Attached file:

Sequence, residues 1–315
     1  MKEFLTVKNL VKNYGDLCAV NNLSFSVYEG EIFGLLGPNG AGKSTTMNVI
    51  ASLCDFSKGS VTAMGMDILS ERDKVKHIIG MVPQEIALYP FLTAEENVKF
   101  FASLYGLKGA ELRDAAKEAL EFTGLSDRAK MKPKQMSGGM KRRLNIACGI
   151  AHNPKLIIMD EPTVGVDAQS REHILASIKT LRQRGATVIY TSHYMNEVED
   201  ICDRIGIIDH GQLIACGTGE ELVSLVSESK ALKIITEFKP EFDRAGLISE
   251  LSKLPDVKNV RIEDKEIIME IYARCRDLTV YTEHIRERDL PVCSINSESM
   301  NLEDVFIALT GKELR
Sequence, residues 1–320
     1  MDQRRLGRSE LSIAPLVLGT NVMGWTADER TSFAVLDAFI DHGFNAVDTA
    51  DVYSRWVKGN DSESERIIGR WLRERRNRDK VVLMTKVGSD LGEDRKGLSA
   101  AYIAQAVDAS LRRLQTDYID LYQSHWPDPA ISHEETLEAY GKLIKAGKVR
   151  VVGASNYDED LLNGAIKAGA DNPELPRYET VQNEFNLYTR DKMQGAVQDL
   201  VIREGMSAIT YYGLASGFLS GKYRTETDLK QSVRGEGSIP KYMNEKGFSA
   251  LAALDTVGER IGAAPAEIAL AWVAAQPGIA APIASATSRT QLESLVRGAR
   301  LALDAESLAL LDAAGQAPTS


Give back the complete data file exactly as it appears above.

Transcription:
Sequence, residues 1–315
     1  MKEFLTVKNL VKNYGDLCAV NNLSFSVYEG EIFGLLGPNG AGKSTTMNVI
    51  ASLCDFSKGS VTAMGMDILS ERDKVKHIIG MVPQEIALYP FLTAEENVKF
   101  FASLYGLKGA ELRDAAKEAL EFTGLSDRAK MKPKQMSGGM KRRLNIACGI
   151  AHNPKLIIMD EPTVGVDAQS REHILASIKT LRQRGATVIY TSHYMNEVED
   201  ICDRIGIIDH GQLIACGTGE ELVSLVSESK ALKIITEFKP EFDRAGLISE
   251  LSKLPDVKNV RIEDKEIIME IYARCRDLTV YTEHIRERDL PVCSINSESM
   301  NLEDVFIALT GKELR
Sequence, residues 1–320
     1  MDQRRLGRSE LSIAPLVLGT NVMGWTADER TSFAVLDAFI DHGFNAVDTA
    51  DVYSRWVKGN DSESERIIGR WLRERRNRDK VVLMTKVGSD LGEDRKGLSA
   101  AYIAQAVDAS LRRLQTDYID LYQSHWPDPA ISHEETLEAY GKLIKAGKVR
   151  VVGASNYDED LLNGAIKAGA DNPELPRYET VQNEFNLYTR DKMQGAVQDL
   201  VIREGMSAIT YYGLASGFLS GKYRTETDLK QSVRGEGSIP KYMNEKGFSA
   251  LAALDTVGER IGAAPAEIAL AWVAAQPGIA APIASATSRT QLESLVRGAR
   301  LALDAESLAL LDAAGQAPTS